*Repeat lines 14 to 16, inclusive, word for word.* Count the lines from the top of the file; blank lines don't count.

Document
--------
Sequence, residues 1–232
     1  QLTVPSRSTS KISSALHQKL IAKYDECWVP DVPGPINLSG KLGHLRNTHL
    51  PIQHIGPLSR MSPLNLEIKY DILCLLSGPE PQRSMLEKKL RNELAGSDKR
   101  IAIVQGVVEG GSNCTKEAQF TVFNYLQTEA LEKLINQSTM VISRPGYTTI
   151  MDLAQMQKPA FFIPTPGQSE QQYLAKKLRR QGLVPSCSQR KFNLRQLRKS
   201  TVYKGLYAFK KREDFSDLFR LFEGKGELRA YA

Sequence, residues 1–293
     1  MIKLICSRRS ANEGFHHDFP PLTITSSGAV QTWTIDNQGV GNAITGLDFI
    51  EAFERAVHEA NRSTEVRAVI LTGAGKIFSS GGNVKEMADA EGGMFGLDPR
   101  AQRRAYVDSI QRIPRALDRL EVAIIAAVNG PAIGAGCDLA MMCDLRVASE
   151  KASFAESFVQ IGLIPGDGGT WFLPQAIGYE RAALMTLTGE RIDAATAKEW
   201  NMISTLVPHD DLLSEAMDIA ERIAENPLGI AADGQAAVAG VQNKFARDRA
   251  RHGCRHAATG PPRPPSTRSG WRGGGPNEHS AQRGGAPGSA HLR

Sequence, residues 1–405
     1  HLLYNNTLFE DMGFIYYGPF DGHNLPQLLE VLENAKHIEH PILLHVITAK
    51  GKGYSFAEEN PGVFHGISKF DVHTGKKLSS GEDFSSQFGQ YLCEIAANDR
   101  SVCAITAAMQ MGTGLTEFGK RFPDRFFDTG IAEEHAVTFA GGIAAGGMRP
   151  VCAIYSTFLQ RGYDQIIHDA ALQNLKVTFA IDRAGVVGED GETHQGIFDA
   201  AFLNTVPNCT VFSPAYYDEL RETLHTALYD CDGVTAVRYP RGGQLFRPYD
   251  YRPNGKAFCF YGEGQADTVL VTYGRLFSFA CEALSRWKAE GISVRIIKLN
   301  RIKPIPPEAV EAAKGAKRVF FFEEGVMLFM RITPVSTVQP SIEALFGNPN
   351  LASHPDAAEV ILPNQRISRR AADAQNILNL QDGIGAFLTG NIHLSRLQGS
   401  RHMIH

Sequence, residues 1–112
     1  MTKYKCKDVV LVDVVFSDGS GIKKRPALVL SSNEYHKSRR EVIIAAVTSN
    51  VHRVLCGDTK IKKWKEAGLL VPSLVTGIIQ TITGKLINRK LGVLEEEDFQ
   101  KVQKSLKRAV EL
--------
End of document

Sequence, residues 1–405
     1  HLLYNNTLFE DMGFIYYGPF DGHNLPQLLE VLENAKHIEH PILLHVITAK
    51  GKGYSFAEEN PGVFHGISKF DVHTGKKLSS GEDFSSQFGQ YLCEIAANDR